Proponents claim spirulina to be one of the most nutrient dense foods on the planet, ounce per ounce. From heavy metal detoxification to being a micronutrient panacea, there’s no shortage of health claims about this particular cyanobacteria.


Spirulina vs. Chlorella

Spirulina is a spiral-shaped microalgae rich in nutrients and protein, iron, calcium and B vitamins. It has a purportedly mild taste (that’s debatable), and it is rich in chlorophyll. Spirulina is not technically a plant, but rather bacterium. It has a lot in common with plants though, particularly it’s richness in plant pigments and ability to photosynthesize. Unlike it’s cousin, chlorella (which actually is a plant), spirulina is readily bioavailable to the human body. Chlorella’s cell wall needs to be “cracked” in order for humans to obtain nutrition from it. For this reason, spirulina is typically cheaper and more common. Only purchase “cracked cell-wall chlorella.”

Buyer Beware: As spirulina gains mainstream popularity, cheaper, underregulated and potentially hazardous off-brands from China and Mongolia are permeating the market (looking at you, Amazon). Look for Spirulina manufactured in Hawaii, Taiwan, or Australia. If chlorella is what your’e after, then Yaeyama Chlorella from Japan has a solid reputation.


15 Facts about Spirulina

#1) B Vitamins: Spirulina is NOT your vitamin B12 solution, Vegans. The type of B12 found in spirulina is a psuedovitamin, which is not absorbable by humans. Vegans and vegetarians should NOT replace their B12 supplementation with spirulina.

Spirulina is, however, a good source of Vitamins B1, B2, B3, B6 and B9.


#2) Iron: Spirulina is high in iron, making it a very helpful food for vegans and anemics.  Because spirulina is a non-heme source of iron (meaning it is not derived from animal sources), it is less bioavailable than the iron you get from meat. If you’re a plant-based eater, then don’t stop at 100% DV when it comes to this micromineral.


#3) Protein: Spirulina is very high in protein, ounce per ounce, but if you’re taking a few servings a day, it’s not enough. It is a complete protein, and has net protein utilization rate of 50%-61%. You can satisfy about 4% of your daily value of protein from just a teaspoon of Hawaiian spirulina. Spirulina makes a great addition to other plant-based proteins, such as pea, rice and hemp. It should not be your primary source of protein, however. If you consider spirulina to be a calorically significant staple to your diet, you’re either eating way too much spirulina or not getting enough. Diversify your plant-based macronutrients!


#4) Vitamin K: A lack of Vitamin K2 is a criticism of a plant-based diet. K2 is found primarily in animal foods or natto, a fermented soybean product. Nutrex- Hawaii’s Spirulina claims to contain vitamin K2, but this may be as dubious as their vitamin B12 claim. Bioavailability is a key factor to consider.Vegans and vegetarians should not replace their vitamin K2 supplementation with spirulina.


#5) Vitamin A: Spirulina is extremely high in Vitamin A, with 10x the beta carotene concentration as carrots. Spirulina shows excellent promise in supporting eye health.


#6) Heavy Metal Detox

Spirulina binds to heavy metals in the body, and it is particularly helpful in detoxifying arsenic from the body. Trace amounts of arsenic hide in our foods (such as rice) and tap water. Combining 500 mg of spirulina with zinc may reduce arsenic toxicity by half.


#7) Radiation Detox

New evidence suggests that spirulina also binds with radioactive isotopes, so it may be useful after exposure to radioactivity or radiation therapy. So, you should probably keep and unopened bottle of spirulina handy in your family’s post-apocalyptic nuclear doomsday kit. You DO have one of those, don’t you…?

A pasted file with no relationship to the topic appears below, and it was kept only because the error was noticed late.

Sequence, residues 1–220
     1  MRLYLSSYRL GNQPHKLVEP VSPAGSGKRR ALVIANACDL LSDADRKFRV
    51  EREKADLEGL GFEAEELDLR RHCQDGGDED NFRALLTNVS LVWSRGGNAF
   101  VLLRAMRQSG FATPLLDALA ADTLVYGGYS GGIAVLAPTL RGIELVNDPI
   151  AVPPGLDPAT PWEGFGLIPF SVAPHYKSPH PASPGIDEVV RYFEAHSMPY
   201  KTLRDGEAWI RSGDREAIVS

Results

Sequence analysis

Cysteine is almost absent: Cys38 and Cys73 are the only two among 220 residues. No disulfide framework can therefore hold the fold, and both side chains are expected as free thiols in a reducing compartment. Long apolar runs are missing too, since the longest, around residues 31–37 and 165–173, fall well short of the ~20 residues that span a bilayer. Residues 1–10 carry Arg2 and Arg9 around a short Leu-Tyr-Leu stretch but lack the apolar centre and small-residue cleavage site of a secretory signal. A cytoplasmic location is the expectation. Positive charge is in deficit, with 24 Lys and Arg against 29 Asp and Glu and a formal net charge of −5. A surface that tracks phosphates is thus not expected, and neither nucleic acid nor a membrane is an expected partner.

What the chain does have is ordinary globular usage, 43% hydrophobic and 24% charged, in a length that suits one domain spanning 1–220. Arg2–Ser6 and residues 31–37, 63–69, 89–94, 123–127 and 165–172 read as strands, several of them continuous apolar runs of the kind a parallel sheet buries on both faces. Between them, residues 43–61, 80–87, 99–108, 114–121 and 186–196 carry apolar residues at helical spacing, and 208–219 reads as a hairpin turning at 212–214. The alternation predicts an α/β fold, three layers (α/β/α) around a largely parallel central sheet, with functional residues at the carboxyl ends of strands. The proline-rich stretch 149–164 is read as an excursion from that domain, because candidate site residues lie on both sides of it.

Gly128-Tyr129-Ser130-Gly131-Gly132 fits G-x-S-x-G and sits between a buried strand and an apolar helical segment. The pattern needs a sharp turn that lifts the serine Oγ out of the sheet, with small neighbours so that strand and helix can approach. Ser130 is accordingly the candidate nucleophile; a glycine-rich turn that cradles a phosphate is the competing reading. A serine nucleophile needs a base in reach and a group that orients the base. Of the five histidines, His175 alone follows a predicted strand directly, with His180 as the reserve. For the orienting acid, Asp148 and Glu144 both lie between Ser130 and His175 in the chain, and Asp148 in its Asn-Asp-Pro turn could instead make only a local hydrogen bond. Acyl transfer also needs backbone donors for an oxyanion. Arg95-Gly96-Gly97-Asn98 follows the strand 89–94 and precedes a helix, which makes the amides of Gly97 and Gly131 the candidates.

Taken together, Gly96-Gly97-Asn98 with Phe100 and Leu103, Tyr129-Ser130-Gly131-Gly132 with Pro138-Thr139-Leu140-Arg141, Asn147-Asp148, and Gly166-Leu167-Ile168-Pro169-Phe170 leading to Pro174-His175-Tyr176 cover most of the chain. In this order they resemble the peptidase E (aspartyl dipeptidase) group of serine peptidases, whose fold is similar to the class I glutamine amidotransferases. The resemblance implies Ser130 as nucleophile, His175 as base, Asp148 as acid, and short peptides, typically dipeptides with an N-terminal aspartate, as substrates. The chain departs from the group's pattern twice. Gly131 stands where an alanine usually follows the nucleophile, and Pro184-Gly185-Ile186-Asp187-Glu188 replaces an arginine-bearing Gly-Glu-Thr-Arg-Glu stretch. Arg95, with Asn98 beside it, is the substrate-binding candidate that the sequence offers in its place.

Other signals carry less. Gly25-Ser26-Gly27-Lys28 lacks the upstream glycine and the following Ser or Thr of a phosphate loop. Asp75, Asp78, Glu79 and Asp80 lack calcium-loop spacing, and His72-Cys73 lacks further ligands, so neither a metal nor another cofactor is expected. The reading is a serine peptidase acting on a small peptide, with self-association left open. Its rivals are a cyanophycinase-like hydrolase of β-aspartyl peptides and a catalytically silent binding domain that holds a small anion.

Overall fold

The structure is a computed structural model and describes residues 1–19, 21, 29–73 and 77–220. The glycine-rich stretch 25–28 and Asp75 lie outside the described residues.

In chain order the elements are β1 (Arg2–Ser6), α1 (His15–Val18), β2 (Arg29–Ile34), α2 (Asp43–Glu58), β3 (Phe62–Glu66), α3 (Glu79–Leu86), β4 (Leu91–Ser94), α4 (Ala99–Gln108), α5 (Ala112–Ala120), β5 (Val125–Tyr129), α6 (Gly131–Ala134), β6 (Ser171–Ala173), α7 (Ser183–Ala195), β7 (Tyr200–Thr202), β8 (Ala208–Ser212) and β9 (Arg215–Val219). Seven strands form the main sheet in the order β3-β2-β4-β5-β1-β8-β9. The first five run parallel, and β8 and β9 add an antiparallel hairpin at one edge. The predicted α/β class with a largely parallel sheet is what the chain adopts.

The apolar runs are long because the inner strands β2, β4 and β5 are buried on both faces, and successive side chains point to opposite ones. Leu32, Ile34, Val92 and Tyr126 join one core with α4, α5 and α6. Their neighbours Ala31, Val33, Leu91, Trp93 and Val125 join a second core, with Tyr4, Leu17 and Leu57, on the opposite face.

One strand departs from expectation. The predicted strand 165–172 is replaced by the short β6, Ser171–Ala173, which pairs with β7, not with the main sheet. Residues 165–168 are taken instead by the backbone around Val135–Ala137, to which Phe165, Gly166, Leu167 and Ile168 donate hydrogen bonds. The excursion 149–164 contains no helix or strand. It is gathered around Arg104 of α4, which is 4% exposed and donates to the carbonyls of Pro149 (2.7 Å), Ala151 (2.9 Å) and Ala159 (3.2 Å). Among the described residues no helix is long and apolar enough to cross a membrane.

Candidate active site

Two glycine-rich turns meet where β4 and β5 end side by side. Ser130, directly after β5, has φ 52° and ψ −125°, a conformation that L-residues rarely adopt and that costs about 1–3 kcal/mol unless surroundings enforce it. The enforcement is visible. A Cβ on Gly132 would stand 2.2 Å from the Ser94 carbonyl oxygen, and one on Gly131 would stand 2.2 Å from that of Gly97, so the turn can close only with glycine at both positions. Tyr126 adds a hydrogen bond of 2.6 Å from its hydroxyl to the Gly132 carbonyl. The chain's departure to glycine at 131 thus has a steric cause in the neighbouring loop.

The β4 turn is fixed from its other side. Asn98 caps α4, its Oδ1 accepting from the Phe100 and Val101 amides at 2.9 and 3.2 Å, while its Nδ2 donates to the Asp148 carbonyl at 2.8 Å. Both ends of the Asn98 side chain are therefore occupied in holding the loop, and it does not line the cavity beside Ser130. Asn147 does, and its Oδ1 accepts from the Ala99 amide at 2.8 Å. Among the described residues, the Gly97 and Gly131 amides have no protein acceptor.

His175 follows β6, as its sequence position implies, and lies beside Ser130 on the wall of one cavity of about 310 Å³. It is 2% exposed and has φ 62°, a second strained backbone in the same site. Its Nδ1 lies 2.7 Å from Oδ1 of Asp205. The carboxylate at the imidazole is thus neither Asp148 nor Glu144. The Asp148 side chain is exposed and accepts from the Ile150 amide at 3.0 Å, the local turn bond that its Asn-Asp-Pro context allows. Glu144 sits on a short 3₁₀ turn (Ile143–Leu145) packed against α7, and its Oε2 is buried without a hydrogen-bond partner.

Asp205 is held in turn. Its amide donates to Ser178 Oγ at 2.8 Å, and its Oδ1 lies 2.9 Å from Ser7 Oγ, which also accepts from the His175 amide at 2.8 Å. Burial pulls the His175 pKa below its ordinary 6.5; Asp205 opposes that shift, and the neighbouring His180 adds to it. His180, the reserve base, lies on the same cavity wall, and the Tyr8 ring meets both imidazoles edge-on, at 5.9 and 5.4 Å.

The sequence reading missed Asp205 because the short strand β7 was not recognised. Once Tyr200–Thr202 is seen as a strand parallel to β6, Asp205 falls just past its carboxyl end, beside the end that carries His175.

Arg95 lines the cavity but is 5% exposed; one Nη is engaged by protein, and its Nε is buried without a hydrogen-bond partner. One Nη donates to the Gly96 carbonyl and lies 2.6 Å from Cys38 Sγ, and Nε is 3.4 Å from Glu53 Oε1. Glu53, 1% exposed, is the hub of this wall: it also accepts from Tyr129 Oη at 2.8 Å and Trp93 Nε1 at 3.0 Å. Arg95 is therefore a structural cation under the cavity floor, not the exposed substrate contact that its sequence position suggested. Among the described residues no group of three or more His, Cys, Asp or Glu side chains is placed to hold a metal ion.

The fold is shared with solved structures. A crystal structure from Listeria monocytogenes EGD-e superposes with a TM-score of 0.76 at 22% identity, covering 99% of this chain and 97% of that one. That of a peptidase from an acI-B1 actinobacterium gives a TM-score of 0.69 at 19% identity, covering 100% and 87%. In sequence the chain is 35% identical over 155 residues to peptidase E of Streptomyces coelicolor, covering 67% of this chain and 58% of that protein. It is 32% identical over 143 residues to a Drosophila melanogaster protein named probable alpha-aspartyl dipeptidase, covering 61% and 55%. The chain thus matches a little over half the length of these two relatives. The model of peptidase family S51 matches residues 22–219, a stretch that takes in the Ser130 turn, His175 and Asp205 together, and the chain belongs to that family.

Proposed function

#9) High in Chlorophyll

Spirulina’s high chlorophyll content gives it a nutritional profile similar to leafy greens! Try sneaking some spirulina into your juice or on top of a salad. Looking for an even bigger chlorophyll boost? Chlorella crushes spirulina in that category.


#10) Balances Blood Sugar:

One study (performed on rats) showed that spirulina balanced blood sugar after excessive fructose administration. Spirulina may hold promise for diabetics and pre-diabetics. (Note: Spirulina should in no way be considered a replacement for diabetes medication.)


#11) Omega-3s and Gamma Linolenic Acid (GLA):

Without fish and red meat, an Omega-3 deficiency is a potential pitfall of a vegan diet. Thus, any plant food with a higher Omega-3:Omega-6 ratio is beneficial. Most people, not just vegans, consume far too many Omega-6s fatty acids and not nearly enough Omega-3s. Algae based Omega-3 supplements and flax seeds are some vegan Omega-3 cheats.


#12) Reduces Allergic Rhinitis:

A study on natural remedies for allergic rhinitis showed that spirulina showed promise in reducing allergy symptoms. This may be due to its anti-inflammatory nature.


#13) Full of Antioxidants:

A Taiwanese study showed that spirulina has an ORAC (Oxygen Radical Absorbance Capacity) score of 24,000. Thats 4x higher than blueberries. The ORAC score is used to measure antioxidant concentration in foods. The antioxidant that makes spirulina unique is C-Phycocyanin.


#14) It’s Sustainable

Spirulina production shows great promise in preventing malnutrition in impoverished areas. It’s sustainable, easy to produce, and its production is mostly free from animal cruelty.


#15) People with PKU should NOT take Spirulina

Spirulina contains the amino acid phenylalanine, therefore it is not safe for people suffering with the condition PKU.


Bottom-Line: Spirulina is a mostly safe, healthful addition to any plant-based/vegan diet. It is rich in vitamins, antioxidants, and minerals like magnesium and manganese. However, spirulina should not be relied upon for vitamins K2 and B12. Although it is high in iron, protein, and omega-3’s, it should not serve as your primary source for these nutrients. You would have to consume nearly 10 servings of powdered spirulina just to get up to an ounce, which would be a hefty chunk of your daily value of protein, but at that point you’d probably be getting too much iron. Moderation is key.

Spirulina in powdered form is more easily digested, and some spirulina capsules/tablets contain fillers and binders. Source your spirulina wisely! Always shop with due diligence and a healthy dose of skepticism.